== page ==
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Philips Fidelio L2 (Black) review: A hidden gem of a headphone

The Fidelio L2 doesn't usually get mentioned in the same breath as other top over-ear headphones in the $250-$350 range, but it probably should.

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David Carnoy

Executive Editor / Reviews

Executive Editor David Carnoy has been a leading member of CNET's Reviews team since 2000. He covers the gamut of gadgets and is a notable reviewer of mobile accessories and portable audio products, including headphones and speakers. He's also an e-reader and e-publishing expert as well as the author of the novels Knife Music, The Big Exit and Lucidity. All the titles are available as Kindle, iBooks, Nook e-books and audiobooks.

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Steve Guttenberg

Ex-movie theater projectionist Steve Guttenberg has also worked as a high-end audio salesman, and as a record producer. Steve currently reviews audio products for CNET and works as a freelance writer for Stereophile.

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3 min read

The Philips Fidelio L2, which costs around $250 online (£162 UK, AU$360), doesn't get talked about much compared to competing models from the likes of Sony, Sennheiser, V-Moda, Audio-Technica, Bose, and Beats, but it's a really good headphone. It's been on the market for several months, but it's beginning to become available at additional retailers.

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Philips Fidelio L2 (Black)

The Good

The Philips Fidelio L2 is a well-constructed, comfortable over-ear headphone that sounds impressive, with excellent clarity and tight bass. Designed for both home and mobile use, it includes a cable with a one-button inline remote and microphone for cell-phone calls. Sound is more open and airy due to its semi-closed design.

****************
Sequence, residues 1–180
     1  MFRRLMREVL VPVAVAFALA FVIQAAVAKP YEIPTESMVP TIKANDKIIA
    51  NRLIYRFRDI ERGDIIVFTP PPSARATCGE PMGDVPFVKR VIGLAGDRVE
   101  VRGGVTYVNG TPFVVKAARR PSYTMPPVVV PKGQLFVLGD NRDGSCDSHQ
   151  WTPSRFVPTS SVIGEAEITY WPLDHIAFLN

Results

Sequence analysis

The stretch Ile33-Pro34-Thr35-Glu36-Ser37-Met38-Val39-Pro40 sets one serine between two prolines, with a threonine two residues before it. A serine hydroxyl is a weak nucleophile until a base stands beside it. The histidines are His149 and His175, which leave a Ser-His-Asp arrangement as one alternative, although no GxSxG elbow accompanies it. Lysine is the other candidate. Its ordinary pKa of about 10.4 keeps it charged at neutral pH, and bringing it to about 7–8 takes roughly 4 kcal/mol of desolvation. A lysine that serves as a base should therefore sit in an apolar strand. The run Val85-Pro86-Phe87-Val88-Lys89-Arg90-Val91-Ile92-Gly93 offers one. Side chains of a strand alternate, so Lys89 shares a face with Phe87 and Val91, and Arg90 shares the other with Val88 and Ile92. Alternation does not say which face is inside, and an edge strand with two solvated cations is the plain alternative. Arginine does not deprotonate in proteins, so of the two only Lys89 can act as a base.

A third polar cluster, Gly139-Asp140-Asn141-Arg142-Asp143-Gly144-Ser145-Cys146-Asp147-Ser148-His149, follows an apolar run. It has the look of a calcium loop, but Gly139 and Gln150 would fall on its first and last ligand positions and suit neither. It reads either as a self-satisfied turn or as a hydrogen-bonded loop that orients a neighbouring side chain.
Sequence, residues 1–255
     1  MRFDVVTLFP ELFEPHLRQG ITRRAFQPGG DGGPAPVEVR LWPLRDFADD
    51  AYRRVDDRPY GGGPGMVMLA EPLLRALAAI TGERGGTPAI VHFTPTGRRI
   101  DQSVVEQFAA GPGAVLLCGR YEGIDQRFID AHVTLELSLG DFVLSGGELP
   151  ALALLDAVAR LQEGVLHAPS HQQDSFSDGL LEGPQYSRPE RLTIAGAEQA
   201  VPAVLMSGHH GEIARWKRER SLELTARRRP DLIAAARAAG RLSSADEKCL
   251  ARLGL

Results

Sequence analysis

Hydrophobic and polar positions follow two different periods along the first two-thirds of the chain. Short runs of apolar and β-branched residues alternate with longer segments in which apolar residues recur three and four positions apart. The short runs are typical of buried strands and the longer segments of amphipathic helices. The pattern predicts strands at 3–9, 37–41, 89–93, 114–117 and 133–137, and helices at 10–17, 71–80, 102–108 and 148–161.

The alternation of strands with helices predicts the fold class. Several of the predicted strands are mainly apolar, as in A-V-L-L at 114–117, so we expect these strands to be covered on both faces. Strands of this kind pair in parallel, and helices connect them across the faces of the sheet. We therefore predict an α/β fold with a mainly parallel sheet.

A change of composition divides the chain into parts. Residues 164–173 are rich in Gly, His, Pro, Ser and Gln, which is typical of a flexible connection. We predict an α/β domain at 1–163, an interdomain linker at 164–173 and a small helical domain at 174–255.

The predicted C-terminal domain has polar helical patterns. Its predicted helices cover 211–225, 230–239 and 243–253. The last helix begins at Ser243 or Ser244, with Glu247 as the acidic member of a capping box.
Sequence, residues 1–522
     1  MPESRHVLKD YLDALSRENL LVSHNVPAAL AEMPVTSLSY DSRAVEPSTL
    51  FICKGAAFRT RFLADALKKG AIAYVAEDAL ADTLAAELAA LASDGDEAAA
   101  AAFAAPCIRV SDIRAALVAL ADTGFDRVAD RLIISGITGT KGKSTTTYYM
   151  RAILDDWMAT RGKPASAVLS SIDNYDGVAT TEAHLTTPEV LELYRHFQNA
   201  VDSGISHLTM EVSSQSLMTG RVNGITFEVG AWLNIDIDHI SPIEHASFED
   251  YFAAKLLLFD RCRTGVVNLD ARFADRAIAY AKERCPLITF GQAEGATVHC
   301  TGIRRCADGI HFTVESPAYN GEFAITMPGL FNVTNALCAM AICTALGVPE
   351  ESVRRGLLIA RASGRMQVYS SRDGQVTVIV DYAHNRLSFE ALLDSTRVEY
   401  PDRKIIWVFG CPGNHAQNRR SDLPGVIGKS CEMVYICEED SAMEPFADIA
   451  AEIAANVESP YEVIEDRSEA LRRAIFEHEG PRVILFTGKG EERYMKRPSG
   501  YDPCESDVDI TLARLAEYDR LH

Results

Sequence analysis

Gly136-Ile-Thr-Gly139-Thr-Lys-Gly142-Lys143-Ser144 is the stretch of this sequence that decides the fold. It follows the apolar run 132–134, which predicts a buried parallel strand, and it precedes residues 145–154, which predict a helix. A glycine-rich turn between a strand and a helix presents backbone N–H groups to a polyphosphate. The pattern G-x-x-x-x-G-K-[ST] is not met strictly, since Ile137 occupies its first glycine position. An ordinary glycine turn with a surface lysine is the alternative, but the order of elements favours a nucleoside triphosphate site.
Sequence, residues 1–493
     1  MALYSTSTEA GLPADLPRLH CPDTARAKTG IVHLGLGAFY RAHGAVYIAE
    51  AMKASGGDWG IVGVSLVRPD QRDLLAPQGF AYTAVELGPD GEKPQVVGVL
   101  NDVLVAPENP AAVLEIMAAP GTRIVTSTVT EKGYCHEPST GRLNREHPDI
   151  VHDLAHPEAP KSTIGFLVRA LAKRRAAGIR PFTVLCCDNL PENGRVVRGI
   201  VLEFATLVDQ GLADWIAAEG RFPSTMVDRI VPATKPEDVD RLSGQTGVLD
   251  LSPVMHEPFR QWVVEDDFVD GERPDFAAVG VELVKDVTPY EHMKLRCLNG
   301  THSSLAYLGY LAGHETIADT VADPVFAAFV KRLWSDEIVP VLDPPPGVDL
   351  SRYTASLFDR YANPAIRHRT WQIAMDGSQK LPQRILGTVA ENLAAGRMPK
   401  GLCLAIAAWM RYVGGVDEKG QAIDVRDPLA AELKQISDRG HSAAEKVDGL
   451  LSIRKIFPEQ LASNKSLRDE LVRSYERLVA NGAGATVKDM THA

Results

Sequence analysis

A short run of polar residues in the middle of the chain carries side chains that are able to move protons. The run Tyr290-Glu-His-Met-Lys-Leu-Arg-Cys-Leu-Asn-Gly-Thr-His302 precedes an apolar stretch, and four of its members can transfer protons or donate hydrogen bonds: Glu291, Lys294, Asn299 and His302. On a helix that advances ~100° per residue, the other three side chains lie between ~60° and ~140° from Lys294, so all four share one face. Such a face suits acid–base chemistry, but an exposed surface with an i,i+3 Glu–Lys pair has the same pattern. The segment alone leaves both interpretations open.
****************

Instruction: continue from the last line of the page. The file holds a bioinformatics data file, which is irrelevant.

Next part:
The Bad

Somewhat pricey; inline remote lacks volume controls; downside to semi-closed design is that it leaks some sound.

The Bottom Line

With a winning combination of comfort and superior sound quality, the Philips Fidelio L2 earns itself a spot among the luxury headphone elite.

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The sturdily constructed Philips Fidelio L2 is designed for home and mobile use. Sarah Tew/CNET

The L2 is a semi-open design, which means it will leak some sound but not as much as an open-back headphone (such as its sibling, the Fidelio X2). It comes with two cloth-covered cables, one of which has an inline remote and microphone for cell-phone use, so it does double duty as a home and mobile headphone.

It's got a one-button remote that's designed to work with both Android and Apple phones, which is good. It lacks volume controls, but you can pause/play tracks and skip them forward and back, as well as answer and end calls.

Overall, the 260-gram headphone seems sturdily built -- its headband is made out of aluminum -- and is comfortable to wear, with nicely padded, leather-covered ear cushions that are equipped with memory foam. They fit snugly but not too snugly on your ears, and sound isolation is good.